This fancy fly of broad scarlet ibis wings, with
guinea fowl scopulas, was designed by, and named
after, George Shepard Page, of the Oquossoc Angling
Association of Rangeley, Maine, which he organized
in 1867 and of which he was president for ten
years. It was first tied to Mr. Page's order by
Michael, of Andrew Clerke & Company, about 1860
for use in Rangely waters. It had a yellow body,
red ibis wings and a shoulder bar of wood duck on
each side of the ibis.
Mr. Page, born in Kennebec County, Maine, in 1838,
moved to Chelsea, a suburb of Boston, the same
year, and became a resident of New York City in
He first went to Rangeley at the invitation of his
cousin, Henry O. Stanley, State Fish Commissioner.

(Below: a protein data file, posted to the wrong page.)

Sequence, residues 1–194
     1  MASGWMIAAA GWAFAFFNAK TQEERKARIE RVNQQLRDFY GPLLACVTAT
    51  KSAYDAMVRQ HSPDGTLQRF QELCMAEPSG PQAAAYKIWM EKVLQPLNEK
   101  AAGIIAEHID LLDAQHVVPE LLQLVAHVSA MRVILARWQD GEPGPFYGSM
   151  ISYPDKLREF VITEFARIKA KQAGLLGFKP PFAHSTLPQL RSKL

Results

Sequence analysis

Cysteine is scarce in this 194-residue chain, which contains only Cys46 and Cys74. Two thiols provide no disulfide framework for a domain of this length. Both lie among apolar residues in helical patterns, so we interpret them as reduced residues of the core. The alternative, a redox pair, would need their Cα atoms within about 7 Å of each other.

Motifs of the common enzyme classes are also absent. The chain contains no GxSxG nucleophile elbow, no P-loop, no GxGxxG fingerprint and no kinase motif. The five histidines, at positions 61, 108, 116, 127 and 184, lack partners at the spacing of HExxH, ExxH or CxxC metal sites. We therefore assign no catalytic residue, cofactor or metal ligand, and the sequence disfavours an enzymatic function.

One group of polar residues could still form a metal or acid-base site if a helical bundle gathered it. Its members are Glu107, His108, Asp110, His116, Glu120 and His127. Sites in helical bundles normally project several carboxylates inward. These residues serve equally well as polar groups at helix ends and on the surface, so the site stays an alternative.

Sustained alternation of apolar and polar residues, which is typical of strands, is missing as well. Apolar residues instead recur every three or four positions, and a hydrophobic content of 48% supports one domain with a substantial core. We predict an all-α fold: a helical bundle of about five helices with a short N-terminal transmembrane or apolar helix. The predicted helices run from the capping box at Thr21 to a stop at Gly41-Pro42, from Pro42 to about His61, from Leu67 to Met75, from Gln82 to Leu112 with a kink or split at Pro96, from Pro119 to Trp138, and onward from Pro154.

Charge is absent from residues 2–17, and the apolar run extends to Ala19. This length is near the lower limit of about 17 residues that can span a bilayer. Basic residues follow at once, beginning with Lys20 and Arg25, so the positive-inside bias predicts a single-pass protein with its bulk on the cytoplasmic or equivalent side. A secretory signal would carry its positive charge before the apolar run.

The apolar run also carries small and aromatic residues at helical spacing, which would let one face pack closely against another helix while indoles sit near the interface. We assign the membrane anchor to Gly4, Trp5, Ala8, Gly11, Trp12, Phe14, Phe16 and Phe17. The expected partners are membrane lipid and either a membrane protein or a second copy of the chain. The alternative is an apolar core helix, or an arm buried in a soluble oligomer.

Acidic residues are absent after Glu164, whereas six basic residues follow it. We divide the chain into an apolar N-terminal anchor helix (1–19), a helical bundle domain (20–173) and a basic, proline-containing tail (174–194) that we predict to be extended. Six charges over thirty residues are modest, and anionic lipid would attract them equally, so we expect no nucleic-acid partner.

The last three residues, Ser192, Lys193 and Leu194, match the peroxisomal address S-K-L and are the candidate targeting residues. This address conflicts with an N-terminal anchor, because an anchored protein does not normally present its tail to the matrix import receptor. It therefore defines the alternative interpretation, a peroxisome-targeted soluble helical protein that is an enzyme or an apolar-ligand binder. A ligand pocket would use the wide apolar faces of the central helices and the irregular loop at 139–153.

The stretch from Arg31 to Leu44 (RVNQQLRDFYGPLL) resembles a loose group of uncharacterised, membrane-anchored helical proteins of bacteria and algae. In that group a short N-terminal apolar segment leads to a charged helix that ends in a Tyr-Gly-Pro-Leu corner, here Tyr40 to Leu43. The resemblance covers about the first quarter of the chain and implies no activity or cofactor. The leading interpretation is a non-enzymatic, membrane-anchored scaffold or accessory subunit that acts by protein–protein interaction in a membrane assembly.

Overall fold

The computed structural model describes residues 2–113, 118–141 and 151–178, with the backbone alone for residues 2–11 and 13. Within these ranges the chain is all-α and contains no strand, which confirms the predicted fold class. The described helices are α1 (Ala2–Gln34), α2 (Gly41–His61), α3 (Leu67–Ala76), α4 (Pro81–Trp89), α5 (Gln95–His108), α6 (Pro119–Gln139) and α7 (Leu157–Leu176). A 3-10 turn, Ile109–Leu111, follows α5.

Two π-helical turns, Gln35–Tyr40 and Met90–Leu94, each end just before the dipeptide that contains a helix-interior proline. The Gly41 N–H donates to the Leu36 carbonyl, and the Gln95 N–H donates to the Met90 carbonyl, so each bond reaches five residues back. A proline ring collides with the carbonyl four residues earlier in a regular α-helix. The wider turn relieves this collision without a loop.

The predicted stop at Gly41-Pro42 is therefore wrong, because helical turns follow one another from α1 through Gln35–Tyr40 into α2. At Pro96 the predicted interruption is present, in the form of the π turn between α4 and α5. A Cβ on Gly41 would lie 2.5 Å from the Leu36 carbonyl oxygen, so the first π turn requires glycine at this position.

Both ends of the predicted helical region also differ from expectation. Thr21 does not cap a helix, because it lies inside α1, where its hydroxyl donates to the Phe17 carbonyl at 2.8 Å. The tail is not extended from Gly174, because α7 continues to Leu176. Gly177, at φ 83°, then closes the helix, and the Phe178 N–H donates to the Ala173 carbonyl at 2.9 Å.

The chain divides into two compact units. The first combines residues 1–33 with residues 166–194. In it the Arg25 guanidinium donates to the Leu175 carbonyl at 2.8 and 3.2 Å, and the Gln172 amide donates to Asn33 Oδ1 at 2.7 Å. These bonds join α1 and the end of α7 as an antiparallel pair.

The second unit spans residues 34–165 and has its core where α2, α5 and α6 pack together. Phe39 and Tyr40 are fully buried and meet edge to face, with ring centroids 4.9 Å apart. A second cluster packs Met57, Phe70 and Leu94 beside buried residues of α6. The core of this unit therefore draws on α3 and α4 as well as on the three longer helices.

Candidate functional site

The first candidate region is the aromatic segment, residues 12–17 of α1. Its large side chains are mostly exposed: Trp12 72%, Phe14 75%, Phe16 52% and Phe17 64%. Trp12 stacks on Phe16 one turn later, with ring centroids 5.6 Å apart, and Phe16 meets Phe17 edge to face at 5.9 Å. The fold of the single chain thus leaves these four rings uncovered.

A twelve pound trout caught by him in 1867, largest
on record for years, was exhibited at the Centennial
Exposition at Philadelphia.
He took brook trout eggs to England and France in
1869. They were the first American trout eggs to
cross the ocean.
Mr. Shepard Page was one of the men who organized
the American Fish Culture Association in 1870,
and he served as its president in 1882-3.
Mr. Page was the American Guest of Honor at the 2nd
English Casting Tournament, held at Welch Harp
Fishery, Hendon, in July, 1882.
The fly shown is a tie by Ray Bergman, the recipe
Credits: Text from Fly Patterns and Their Origins by
Harold Hinsdill Smedly, color photos from Forgotten Flies
published by the Complete Sportsman.
Tag: Gold tinsel.
Body: Crimson or scarlet floss.
Rib: Gold tinsel.
Wing: Guinea with scarlet stripes.